Baroness Thatcher of Kesteven, LG, OM, FRS, 1925-2013, died at the Ritz Hotel in London, on Monday, 8 April, aged 87.
Britain’s first Female Prime Minister was granted a Ceremonial Funeral with military honours, which was held at St Paul's Cathedral London, on Wednesday 17 April. Leading mourners other than her immediate family unusually included Her Majesty the Queen and HRH Prince Philip. The last time that they had attended the funeral of a Prime Minister was in 1965 in honour of Sir Winston Churchill.
Lady Thatcher's coffin, draped in a Union Jack, after being transported to St Pauls on a horse-drawn gun-carriage, was carried into the Cathedral by a bearer party, comprising of representatives of the Services who took part in the Falklands Conflict of 1982.
Margaret Hilda Thatcher (nee Roberts), was born in Grantham, Lincolnshire, on 13 October 1925. Her father was a grocer (and Mayor of Grantham) and Napoleon’s apocryphal quote ‘England is a Nation of Shopkeepers’ seems quite inappropriate in her case. She read chemistry at Somerville College, Oxford but then read for the Bar before being elected as Conservative Member of Parliament for Finchley in 1959.
Margaret Thatcher had a slow progress through Parliament before becoming Education Secretary in 1970. In 1975 she stood successfully against former Prime Minister Edward Heath as Leader of the Conservative Party and then became Prime Minister in 1979.
History suggests that she inherited a Country in decline and turmoil and that she was not universally popular but the invasion of South Georgia and then the Falkland Islands by Argentina brought her a new prominence and popularity as she refused to allow what was Britain’s most southerly inhabited outpost to be ‘stolen’.
This decision transformed Ascension Island overnight. As the forward operating base for the Task Force aircraft traffic at Wideawake Airfield increased from an average of 24.4 aircraft per month in the 12 months prior to April 1982 to 3,607 aircraft in April 1982 alone. It is said that for a short period of time Wideawake Airfield was the busiest airfield in the world bar none. It was also from Ascension that the RAF’s audacious Vulcan Black Buck Raids were launched.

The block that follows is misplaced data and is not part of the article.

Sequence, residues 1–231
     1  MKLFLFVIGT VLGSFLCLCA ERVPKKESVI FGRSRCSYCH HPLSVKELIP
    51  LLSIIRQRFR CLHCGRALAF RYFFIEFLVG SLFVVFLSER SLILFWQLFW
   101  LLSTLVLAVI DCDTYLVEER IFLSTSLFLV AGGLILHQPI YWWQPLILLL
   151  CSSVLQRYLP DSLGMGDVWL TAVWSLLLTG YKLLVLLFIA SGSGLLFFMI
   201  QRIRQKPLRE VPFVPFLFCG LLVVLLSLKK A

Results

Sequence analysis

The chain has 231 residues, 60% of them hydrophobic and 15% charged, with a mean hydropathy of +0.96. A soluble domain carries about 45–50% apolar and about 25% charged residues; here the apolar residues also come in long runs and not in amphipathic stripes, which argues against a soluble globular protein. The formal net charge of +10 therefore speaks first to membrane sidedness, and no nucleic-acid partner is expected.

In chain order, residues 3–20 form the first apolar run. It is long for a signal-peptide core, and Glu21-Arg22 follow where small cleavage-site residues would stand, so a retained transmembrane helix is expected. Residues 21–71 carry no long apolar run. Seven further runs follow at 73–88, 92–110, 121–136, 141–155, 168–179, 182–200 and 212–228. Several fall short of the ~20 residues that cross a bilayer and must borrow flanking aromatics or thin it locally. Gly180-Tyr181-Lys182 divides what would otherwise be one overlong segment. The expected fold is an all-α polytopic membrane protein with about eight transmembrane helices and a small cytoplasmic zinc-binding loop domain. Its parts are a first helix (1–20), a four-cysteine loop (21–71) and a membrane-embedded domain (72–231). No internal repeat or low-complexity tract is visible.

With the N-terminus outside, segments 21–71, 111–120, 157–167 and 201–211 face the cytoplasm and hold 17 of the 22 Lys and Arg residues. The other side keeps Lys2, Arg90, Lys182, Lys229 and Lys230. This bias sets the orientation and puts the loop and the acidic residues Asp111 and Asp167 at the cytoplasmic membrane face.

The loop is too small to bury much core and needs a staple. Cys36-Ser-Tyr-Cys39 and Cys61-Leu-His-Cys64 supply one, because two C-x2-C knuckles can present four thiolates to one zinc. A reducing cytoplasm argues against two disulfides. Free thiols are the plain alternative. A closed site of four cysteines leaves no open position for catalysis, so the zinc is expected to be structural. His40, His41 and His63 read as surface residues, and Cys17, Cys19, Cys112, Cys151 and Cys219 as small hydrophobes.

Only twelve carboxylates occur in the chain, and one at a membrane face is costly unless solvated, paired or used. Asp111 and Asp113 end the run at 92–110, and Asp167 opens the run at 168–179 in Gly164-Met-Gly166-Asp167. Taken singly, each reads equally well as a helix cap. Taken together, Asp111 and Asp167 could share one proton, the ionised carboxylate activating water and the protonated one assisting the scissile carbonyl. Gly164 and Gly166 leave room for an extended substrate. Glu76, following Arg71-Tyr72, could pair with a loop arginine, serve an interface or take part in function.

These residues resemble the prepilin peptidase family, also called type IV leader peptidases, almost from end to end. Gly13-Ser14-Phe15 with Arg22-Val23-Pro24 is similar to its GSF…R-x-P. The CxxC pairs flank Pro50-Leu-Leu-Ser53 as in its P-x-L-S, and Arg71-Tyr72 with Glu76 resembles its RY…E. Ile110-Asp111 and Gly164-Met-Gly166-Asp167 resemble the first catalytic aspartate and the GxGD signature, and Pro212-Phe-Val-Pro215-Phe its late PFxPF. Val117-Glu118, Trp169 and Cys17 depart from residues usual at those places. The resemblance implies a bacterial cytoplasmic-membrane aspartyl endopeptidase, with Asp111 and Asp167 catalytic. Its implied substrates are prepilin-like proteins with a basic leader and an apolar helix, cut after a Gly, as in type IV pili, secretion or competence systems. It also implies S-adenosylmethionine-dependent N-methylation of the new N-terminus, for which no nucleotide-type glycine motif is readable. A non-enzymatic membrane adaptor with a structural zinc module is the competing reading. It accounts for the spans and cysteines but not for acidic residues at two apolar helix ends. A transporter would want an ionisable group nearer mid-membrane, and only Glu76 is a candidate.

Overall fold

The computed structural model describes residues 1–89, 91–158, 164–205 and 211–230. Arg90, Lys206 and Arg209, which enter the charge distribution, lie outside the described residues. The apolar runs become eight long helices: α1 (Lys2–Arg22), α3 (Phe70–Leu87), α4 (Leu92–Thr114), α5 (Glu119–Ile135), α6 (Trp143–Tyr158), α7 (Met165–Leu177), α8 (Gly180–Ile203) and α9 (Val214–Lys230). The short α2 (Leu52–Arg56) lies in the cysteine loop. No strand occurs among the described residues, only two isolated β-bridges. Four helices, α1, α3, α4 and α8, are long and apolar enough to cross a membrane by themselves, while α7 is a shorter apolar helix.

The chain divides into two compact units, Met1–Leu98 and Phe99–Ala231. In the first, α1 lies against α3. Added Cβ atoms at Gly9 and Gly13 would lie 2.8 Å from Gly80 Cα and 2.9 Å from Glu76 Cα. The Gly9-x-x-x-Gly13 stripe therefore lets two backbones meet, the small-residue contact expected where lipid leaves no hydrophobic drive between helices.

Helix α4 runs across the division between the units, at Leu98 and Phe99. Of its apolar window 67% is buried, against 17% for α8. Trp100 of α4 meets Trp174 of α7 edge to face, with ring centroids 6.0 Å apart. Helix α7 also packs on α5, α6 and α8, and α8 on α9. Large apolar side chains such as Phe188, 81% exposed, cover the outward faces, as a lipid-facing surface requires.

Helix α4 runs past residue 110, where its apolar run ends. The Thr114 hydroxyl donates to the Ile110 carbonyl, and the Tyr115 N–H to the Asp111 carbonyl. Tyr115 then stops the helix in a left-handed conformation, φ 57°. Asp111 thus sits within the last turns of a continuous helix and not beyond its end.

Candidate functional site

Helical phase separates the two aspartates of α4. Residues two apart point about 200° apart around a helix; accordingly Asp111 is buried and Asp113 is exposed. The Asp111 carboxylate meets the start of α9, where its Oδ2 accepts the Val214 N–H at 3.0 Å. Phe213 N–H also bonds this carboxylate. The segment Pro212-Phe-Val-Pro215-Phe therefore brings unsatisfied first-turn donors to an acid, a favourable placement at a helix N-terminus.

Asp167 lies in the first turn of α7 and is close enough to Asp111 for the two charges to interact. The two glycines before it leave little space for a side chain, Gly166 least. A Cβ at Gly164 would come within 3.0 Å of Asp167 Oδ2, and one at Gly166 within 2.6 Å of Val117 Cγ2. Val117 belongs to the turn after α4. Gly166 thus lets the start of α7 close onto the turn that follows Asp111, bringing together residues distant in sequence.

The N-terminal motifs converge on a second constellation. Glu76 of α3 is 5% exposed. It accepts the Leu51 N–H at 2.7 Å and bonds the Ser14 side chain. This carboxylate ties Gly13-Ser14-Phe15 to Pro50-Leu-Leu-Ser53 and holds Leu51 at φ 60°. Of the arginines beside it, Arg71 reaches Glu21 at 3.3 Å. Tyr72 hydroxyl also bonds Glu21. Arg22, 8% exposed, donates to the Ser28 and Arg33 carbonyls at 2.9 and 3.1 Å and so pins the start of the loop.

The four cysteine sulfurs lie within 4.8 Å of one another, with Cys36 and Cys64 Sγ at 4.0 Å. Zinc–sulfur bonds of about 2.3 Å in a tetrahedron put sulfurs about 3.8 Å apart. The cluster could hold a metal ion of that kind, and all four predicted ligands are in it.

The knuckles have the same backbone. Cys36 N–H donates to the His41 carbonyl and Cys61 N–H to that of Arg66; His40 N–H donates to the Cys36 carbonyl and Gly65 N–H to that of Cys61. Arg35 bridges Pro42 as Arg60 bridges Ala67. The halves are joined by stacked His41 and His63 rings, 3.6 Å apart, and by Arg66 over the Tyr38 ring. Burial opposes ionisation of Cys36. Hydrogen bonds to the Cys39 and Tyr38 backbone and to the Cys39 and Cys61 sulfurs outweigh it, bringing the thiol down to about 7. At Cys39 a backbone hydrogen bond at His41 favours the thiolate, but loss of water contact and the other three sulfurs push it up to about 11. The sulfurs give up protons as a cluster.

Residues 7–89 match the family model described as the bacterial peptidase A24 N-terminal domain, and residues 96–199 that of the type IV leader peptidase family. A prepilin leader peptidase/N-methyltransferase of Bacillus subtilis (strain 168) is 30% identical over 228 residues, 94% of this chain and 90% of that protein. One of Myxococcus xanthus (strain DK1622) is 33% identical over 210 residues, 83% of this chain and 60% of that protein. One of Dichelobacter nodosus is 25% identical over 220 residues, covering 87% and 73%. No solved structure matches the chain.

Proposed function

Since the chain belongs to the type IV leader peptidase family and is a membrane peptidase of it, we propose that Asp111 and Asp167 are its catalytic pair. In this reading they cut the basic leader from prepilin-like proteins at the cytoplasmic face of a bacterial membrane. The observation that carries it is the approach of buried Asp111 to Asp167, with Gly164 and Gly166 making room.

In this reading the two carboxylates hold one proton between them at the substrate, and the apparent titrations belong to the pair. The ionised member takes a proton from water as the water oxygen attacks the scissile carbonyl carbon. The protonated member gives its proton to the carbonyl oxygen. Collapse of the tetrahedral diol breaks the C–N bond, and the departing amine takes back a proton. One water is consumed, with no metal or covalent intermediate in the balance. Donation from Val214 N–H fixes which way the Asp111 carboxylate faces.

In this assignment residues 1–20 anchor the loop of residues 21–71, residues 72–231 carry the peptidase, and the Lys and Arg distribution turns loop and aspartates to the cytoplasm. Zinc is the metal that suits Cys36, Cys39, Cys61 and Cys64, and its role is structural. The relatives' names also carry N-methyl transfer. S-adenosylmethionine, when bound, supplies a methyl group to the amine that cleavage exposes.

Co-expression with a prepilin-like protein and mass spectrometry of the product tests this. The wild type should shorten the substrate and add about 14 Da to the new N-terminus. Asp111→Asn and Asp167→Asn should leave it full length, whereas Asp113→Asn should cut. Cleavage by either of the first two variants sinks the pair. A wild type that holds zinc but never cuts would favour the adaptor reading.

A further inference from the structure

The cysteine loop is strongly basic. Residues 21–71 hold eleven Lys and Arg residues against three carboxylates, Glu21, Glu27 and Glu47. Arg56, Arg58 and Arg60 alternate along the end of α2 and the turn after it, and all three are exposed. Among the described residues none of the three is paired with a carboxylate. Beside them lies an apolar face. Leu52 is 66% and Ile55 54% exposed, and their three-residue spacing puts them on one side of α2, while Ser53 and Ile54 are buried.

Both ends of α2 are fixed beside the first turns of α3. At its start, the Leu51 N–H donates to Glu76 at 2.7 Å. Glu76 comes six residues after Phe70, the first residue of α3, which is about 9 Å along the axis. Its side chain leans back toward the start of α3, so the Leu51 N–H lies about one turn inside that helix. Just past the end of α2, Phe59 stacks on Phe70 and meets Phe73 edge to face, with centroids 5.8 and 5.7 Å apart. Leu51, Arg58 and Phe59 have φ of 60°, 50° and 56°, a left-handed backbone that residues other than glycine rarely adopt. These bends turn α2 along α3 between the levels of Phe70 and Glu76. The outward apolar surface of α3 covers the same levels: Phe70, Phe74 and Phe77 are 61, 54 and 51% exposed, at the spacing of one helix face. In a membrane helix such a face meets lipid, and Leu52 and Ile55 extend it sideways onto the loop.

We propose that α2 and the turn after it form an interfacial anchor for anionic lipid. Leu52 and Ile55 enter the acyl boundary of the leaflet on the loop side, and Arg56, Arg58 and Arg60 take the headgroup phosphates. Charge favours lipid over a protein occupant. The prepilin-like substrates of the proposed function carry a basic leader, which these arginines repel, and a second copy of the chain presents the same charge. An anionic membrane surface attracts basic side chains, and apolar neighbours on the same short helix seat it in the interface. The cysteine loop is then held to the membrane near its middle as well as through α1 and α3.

Post-1982, Ascension became part of the critical air bridge between the United Kingdom and the Falkland Islands, supplying troops and supplies to the Falkland Islands garrison, initially using RAF Tristar aircraft as the main workhorses but in recent years these have been replaced with chartered commercial airliners. The RAF continues to maintain a small contingent at Ascension to support these flights. In 1992, Lady Thatcher stopped at Ascension Island (60p) as part of her visit to the Falkland Islands on the 10th Anniversary of Liberation.
45p - As the Conservative party leader Margaret Thatcher makes a 'victory' sign outside her home in Chelsea, London in November 1976.
50p - As Prime Minister Margaret Thatcher inspects a Sea Harrier aircraft, during a visit to the British Aerospace factory at Dunsfold, Surrey, 18th December 1982.
60p - As Prime Minister, Margaret Thatcher is photographed at The Residency on Ascension Island en-route to the Falkland Islands in June 1992. Margaret Thatcher also took the time to sign a number of First Day Covers released to mark the 10th Anniversary of the Liberation of the Falklands.
£1.45 - Baroness Thatcher was appointed a Lady of the Garter in 1995. The Most Noble Order of the Garter was founded by King Edward III of England in 1348 and is now the oldest and highest order of chivalry in the British honours system.
FDC - A portrait of Margaret Thatcher, Prime Minister (1990).
The stamps will be released on 14th June, Falkland Islands Liberation Day.
Designer Andrew Robinson
Printer BDT International
Process Stochastic Lithography
Perforation 14 per 2cms
Stamp size 30.56 x 38mm
Sheet Layout 10
Release date 14 June, 2013
Production Co-ordination Creative Direction (Worldwide) Ltd
45p John Minihan/Evening Standard/Getty Images
50p John Downing/Hulton Archive/Getty Images
60p Ascension Archives
£1.45 Alpha Press
FDC Terry O'Neill/Hulton Archive/Getty Images